Military chapels could be forced to conduct gay weddings, thanks to a Conservative minister who has demanded to know when churches using the chapels will allow the ceremonies to take place there.
Gay marriage was legalised in England and Wales in 2013, but a clause was written into the law excluding faith groups, including Christian churches, from the requirement to host and conduct gay weddings.
However, last June arrangements were made for military chapels to host gay weddings, with government ministers making it clear that the Churches wouldn’t be able to use their veto over gay marriage to block the ceremonies, The Express has reported.
The Church of England, the Church of Scotland and the Roman Catholic, Methodist, Presbyterian, Baptist, United Reformed and Congregational churches are all ‘sending churches’ – meaning they provide chaplains to the chapels.
The amendment led to a fudge, whereby the Churches were allowed to state their opposition to the ceremonies going ahead, while the Defence Secretary was given a duty to “consider the rights” of gay military personnel wishing to marry.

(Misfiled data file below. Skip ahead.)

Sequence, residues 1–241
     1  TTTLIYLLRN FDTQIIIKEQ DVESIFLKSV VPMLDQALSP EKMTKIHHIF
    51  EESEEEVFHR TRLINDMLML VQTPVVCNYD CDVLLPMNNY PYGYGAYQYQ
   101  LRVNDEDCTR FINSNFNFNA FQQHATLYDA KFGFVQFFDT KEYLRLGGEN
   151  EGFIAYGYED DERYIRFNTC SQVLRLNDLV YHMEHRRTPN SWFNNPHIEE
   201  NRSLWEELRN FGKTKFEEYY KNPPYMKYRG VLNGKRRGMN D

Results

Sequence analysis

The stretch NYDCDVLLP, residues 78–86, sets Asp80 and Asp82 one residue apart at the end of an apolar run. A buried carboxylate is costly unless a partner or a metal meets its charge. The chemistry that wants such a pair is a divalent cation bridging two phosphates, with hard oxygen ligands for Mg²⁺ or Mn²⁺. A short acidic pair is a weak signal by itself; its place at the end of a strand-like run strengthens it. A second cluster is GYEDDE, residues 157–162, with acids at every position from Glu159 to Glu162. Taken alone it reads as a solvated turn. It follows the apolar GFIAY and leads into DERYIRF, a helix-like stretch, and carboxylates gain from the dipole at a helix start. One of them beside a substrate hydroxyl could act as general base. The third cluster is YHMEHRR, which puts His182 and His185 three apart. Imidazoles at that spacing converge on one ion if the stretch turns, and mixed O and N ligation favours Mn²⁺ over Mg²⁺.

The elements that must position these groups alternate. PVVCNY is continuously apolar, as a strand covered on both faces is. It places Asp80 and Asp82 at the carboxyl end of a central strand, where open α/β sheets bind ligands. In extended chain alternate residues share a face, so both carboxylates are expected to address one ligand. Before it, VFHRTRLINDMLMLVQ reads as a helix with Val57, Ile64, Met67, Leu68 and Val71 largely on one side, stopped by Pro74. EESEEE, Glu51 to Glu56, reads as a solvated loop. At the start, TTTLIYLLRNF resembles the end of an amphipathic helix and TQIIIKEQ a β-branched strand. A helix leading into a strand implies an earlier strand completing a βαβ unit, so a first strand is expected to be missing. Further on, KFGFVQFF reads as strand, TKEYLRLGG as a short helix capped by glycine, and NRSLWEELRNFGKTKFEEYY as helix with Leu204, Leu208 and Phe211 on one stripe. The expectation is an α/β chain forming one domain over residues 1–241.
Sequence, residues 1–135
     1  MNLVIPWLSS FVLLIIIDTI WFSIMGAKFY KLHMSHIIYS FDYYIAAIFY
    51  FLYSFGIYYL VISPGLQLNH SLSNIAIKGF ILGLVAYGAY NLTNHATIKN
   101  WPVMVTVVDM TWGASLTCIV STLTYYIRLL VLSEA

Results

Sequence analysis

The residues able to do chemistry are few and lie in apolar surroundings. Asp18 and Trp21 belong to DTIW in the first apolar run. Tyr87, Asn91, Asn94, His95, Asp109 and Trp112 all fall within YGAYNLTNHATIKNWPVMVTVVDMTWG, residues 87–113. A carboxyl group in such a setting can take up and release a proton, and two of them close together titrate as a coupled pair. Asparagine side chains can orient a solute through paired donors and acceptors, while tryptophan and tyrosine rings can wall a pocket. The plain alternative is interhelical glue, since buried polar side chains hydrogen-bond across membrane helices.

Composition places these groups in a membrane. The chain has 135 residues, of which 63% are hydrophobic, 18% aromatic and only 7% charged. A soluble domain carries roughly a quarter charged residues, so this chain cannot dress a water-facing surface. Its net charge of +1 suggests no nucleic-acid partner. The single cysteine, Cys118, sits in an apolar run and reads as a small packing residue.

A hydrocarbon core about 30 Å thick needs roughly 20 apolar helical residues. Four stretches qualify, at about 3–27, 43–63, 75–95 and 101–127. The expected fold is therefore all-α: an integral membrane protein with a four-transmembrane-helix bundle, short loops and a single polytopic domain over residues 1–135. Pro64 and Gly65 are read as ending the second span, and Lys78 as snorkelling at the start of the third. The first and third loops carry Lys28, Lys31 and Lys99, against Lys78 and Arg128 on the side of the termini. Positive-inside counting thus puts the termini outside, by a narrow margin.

That fudge has led to an 18 month stand-off between church and the state, as the sending churches oppose gay marriage.
The matter has now come to a head, as the Armed Forces minister Penny Mordaunt has confronted chaplains in the Army, Royal Navy and RAF, demanding to know how gay wedding regulations can be enforced in military chapels.
In response to a written question asking how many military chapels are registered to conduct same-sex marriages, Ms. Mordaunt responded: “There are 190 military chapels in England and Wales registered for marriages under the rites of Church of England or otherwise, as described under sections 69 and 70 of the 1949 Marriage Act.
“The Ministry of Defence allows same-sex marriages in military chapels, but none of the Sending Churches using the chapels currently allows same-sex marriages to be conducted there.
“I have asked the Chaplaincies of the three Services to advise me on how Parliament’s sanction of same sex-marriages may be fully implemented.”
Her request is likely to spark a new row on the matter, as the divide between the Churches and secular society grows ever wider.